Other Sellers on Amazon
Download the free Kindle app and start reading Kindle books instantly on your smartphone, tablet, or computer - no Kindle device required. Learn more
Read instantly on your browser with Kindle Cloud Reader.
Using your mobile phone camera - scan the code below and download the Kindle app.
Enter your mobile phone or email address
By pressing "Send link," you agree to Amazon's Conditions of Use.
You consent to receive an automated text message from or on behalf of Amazon about the Kindle App at your mobile number above. Consent is not a condition of any purchase. Message & data rates may apply.
Follow the Author
False Black Power? (New Threats to Freedom Series) Paperback – June 15, 2017
Enhance your purchase
An Amazon Book with Buzz: "The Redemption of Bobby Love" by Bobby Love
"Tender and brutal.”—Jeff Hobbs Learn more
Frequently bought together
“What makes this book shine is the clarity of its logic and accessibility of its writing style. In a short book, Riley makes his case powerfully. . . . He also had the guts to include critiques from two leading black intellectuals, John McWhorter and Glenn Loury, and his response. This is a man to respect because he is after the truth and results, not cheap points.” —Thomas Lifson, American thinker
“I have just finished reading part I of Jason Riley’s new book False Black Power?, which NRO is excerpting today, and I want to recommend it right away as highly as I can” —Roger Clegg, National Review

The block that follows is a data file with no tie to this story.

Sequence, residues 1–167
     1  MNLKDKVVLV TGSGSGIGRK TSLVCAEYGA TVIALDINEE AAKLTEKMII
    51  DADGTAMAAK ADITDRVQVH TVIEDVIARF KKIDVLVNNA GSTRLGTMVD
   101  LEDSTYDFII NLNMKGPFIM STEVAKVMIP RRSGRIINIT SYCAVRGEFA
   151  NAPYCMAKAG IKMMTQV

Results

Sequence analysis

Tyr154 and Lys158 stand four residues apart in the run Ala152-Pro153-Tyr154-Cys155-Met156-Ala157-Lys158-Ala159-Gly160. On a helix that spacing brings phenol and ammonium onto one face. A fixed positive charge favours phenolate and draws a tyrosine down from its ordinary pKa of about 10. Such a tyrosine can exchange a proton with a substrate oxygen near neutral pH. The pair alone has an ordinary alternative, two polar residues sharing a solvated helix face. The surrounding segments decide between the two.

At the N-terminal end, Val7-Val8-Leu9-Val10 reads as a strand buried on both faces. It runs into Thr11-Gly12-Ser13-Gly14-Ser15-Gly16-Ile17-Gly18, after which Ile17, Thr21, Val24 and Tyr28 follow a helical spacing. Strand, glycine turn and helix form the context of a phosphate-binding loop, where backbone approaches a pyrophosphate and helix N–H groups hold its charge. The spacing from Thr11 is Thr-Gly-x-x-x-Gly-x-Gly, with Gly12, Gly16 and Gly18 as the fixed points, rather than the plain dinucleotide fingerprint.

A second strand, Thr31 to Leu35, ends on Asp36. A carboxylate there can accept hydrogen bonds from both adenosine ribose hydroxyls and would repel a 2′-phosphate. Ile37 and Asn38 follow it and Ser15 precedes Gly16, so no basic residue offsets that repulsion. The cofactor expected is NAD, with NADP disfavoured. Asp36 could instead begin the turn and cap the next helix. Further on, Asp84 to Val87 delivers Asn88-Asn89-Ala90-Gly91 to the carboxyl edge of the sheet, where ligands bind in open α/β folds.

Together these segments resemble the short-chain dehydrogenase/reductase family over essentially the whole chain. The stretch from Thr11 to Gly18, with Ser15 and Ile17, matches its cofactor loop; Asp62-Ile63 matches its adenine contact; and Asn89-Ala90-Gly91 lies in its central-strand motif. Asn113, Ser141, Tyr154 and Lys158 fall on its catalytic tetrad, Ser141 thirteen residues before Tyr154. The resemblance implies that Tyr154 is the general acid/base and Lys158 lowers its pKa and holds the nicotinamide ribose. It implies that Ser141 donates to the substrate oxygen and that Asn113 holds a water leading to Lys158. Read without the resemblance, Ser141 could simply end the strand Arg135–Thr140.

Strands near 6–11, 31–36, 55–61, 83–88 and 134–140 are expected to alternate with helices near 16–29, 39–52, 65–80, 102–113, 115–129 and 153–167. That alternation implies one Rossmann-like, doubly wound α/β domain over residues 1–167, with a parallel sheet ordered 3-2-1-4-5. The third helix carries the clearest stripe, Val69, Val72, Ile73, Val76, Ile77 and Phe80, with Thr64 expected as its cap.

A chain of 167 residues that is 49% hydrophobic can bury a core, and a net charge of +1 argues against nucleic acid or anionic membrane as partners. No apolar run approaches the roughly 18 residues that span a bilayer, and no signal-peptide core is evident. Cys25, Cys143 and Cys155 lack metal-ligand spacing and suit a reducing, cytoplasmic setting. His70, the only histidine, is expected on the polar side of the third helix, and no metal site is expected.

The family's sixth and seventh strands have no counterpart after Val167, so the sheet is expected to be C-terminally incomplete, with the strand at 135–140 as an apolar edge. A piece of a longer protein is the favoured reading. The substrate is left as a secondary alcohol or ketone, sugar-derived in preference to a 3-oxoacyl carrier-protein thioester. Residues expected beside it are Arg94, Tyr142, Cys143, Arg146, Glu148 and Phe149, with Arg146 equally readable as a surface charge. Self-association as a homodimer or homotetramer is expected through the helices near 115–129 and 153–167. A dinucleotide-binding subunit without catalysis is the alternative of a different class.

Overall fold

"The thrust of his slim but significant new book, False Black Power?, from Templeton Press, is the politically incorrect conclusion that black “political clout is no substitute for self-development." —Mark Tapson, Front Page Mag
About the Author
Glenn C. Loury is the Merton P. Stoltz Professor of the Social Sciences and professor of economics at Brown University. His books include One by One from the Inside Out: Essays and Reviews on Race and Responsibility in America; The Anatomy of Racial Inequality; and Race, Incarceration, and American Values. Among other honors, he has been elected a distinguished fellow of the American Economic Association, a fellow of the Econometric Society, a member of the American Philosophical Society, and a member of the U.S. Council on Foreign Relations.
John McWhorter is associate professor of English and Comparative Literature at Columbia University. He is the author of The Power of Babel, Doing Our Own Thing, Our Magnificent Bastard Tongue, The Language Hoax, Words on the Move and, most recently, Talking Back, Talking Black. He is a regular columnist on language matters and race issues for Time and CNN, writes for the Wall Street Journal Taste page, writes a regular column on language for the Atlantic, and hosts the Lexicon Valley podcast at Slate.